Free-to-play games are all the rage these days. Many people while away their days playing Angry Birds, or Words with Friends before going home to watch Monday Night Football. Nerds — and, increasingly, “normal people” — do the exact same thing, except instead of watching football, we play games like Super Monday Night Combat. This summer, the remarkable viability of the free-to-play business model gained extra attention when Forbes reported that the most-played PC game in the world is now a free-to-play game called League of Legends. For those of you struggling to understand the profitability part, just take a look at League of Legends character Teemo (pictured left). I mean, seriously, who can resist purchasing all the adorable “skins” for him?! (Clearly, not me.)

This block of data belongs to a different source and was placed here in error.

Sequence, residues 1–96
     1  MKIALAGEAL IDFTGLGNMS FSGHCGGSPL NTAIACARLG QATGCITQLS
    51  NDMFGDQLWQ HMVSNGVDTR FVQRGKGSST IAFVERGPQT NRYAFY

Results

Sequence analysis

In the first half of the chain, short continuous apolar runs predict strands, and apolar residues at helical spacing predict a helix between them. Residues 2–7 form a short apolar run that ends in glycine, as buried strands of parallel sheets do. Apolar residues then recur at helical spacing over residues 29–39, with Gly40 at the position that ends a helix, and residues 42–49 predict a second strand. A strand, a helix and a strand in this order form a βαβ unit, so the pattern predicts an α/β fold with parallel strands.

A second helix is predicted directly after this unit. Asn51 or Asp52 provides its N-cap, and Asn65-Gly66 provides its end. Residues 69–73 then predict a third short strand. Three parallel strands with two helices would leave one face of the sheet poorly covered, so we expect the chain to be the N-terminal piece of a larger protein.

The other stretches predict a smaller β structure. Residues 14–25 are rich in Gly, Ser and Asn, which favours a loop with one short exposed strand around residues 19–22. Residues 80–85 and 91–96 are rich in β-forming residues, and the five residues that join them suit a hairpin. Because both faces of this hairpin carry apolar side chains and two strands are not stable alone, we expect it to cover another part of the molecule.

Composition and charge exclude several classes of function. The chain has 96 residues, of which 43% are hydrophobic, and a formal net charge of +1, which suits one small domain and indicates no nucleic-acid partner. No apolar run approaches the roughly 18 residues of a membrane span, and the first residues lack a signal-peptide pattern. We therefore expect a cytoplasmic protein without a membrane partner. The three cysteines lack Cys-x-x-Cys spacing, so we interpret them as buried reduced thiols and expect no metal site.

Nevertheless, the business world of free-to-play gaming is not without its dark, seedy underbelly, where even the cute and cuddly characters are forced to work in digital sweatshops and sell virtual drugs on simulated street corners just to make ends meet. Well, ok, maybe it’s not thatextreme. But as a recent (and bitter) dispute between game makers Zynga and Kixeye demonstrates, the gaming business can be just as ugly (and fascinating) as some of the game battles themselves.